Monet... I still don't get it...

Selfie with a statue.

He was really interested in this exhibit about making letters with eye motions.  It's art.

Minecraft Art

Bjork had her electronic harp on display (It really made music).

"Hello NYC!"

The train ride back to Harlem

Too tired to cook?  One word: Popeye's!

The end.

Wednesday, March 04, 2015

A Very Happy Dream

For the most part, I never remember my dreams.  I wake up in the morning and have just a few seconds of memory from my nocturnal adventure.  I like it that way.

Last week there was something different.  I dreamt that our small family moved into a small house off a small road near a small town.  We didn't need much space due to our New York life, so we invited some friends to live with us.  As friends and family moved to our home, we found more rooms and secret hallways.  Some rooms were small and simple.  Some rooms were large and elegant   Each room was perfect for the family that needed it.  We had a house full of kids, parents, grandparents, aunts, uncles, cousins, and friends.  We laughed together.  We cried together.  We lived together.

Our little family was no longer so little.

That was my dream.

It was a very happy dream.


Friday, February 27, 2015

Pigment

God is not pigment.

God is light.

Think about that.


God is not found by excluding the world around us; the divine is found through our experience.  The more joy, pain, happiness, and loss we encounter, the more we understand God.

Sunday, February 22, 2015

NYC: Bears!


Last week we went to the zoo.  Not the big, fancy, over-priced one in the Bronx, we went to the small, fancy, over-priced one in Central Park (yes, there really is a zoo in Central Park).  We have been several times, and it is always a fun place to explore.  What made this visit extraordinary was the new addition--Grizzly Bears!!!



I really like bears.  A lot.  I know a ton of things about bears: they are big, they eat honey, they like to cuddle, they all want to be my friend.  The two bears are older ladies named Betty and Veronica!  How awesome is that?

We saw some other animals.  Seals, birds, monkeys, snow leopards, and various reptiles were all on display.  Of course my favorite thing is just hanging out with the family (and the bears).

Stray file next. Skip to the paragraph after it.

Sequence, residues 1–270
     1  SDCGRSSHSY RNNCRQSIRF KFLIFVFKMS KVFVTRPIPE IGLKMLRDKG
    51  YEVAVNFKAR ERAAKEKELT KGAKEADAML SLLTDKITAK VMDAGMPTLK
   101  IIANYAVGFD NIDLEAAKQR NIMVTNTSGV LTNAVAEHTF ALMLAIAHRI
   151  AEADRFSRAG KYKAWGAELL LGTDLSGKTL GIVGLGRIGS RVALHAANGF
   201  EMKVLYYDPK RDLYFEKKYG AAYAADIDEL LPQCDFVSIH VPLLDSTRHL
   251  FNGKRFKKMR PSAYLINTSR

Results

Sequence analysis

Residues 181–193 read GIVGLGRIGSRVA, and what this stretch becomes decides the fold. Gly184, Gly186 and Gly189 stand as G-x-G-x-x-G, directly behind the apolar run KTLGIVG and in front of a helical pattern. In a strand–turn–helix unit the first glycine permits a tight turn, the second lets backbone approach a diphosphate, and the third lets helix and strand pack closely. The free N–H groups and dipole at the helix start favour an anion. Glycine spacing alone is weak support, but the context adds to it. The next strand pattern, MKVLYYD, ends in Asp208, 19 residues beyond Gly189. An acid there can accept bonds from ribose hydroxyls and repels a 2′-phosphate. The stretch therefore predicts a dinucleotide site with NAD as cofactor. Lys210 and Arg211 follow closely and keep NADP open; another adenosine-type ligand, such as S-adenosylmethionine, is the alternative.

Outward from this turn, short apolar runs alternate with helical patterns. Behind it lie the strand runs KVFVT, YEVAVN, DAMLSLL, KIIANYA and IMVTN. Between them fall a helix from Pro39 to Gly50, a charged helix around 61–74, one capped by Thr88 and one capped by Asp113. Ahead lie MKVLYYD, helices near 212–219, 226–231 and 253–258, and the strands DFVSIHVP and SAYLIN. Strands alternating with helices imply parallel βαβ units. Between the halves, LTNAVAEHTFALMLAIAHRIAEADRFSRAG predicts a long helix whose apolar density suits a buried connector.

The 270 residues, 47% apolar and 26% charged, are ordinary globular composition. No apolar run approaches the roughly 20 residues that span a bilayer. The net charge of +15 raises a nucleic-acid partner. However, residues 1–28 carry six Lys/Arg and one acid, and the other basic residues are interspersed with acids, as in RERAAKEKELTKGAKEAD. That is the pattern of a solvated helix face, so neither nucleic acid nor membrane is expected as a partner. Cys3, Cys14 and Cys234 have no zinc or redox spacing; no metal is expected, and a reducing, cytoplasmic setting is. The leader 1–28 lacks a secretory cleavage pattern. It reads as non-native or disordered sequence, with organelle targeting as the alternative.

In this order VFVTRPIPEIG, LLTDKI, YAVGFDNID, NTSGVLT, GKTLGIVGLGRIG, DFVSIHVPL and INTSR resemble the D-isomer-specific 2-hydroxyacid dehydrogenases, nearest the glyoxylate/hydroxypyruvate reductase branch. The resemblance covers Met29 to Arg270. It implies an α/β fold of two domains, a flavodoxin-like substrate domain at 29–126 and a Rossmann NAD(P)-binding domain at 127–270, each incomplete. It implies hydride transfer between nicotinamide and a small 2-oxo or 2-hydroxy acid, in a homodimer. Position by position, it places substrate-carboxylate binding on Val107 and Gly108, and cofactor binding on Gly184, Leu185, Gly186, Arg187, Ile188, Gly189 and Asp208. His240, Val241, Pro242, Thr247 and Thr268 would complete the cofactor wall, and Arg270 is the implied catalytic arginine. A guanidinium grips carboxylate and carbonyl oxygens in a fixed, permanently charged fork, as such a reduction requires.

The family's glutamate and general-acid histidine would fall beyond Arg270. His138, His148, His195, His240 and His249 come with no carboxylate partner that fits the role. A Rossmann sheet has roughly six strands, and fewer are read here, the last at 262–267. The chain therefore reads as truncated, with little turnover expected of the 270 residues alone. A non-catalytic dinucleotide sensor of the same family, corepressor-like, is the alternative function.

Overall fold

Zoo Crew Making the Rounds

Friday, February 20, 2015

The Trouble With Talents

I like Jesus.  He has some pretty cool stories.  I like the ones about helping people and the ones about forgiving.  Of course, his parables are open to interpretation, and that is when the trouble starts.  One parable that has troubled me most of my life is the parable of the talents.  This post is not intended to be a Sunday School lesson, so I will not get into the details.  If you have questions about the parable, Google it.

The trouble I have with this parable is the definition of a talent.  As a younger man and through most of my adulthood, I sat through the same classes that echoed the importance of talents from the parable as modern talents (like dancing, singing, and playing the damned piano).  I don't have many fancy talents; I don't dance, sing, or play the piano, so I often felt this lesson didn't apply to me.  I always felt bad for the last guy.  He only got one talent (cooking maybe) and didn't want to lose it, so he just focused on the one talent and kept it safe.  Why should he get in trouble when he kept his talent?  Makes.  No.  Sense.

Unfortunately, when something doesn't make sense to me, it keeps percolating through my brain until it finally rings true.  My answer: A talent was an extremely large sum of money--enough to take care of a household for several years.  Talent=Great Worth.  Something of great worth in a spiritual story is a Truth.  Talent=Truth.

Now tell yourself the story using truth for talents.  Three people are given huge amounts of truth and knowledge.  Two of them use those truths to build up their understanding of the cosmos and explore their world (art, poetry, chemistry, biology, history, philosophy, astronomy, architecture, religion) --adding to their initial truths (good for them).  The third person is also given a tremendous gift of truth, but chooses to ignore the rest of the world around him.  He sticks to what he knows because he believes learning anything else might take away from what he was given (not advisable).

The thing about Truth is it's everywhere.  Don't limit yourself to just one book, church, country, philosophy, religion, god, dance, song, or piano.  We all start out with the basics.  What do you do with yours?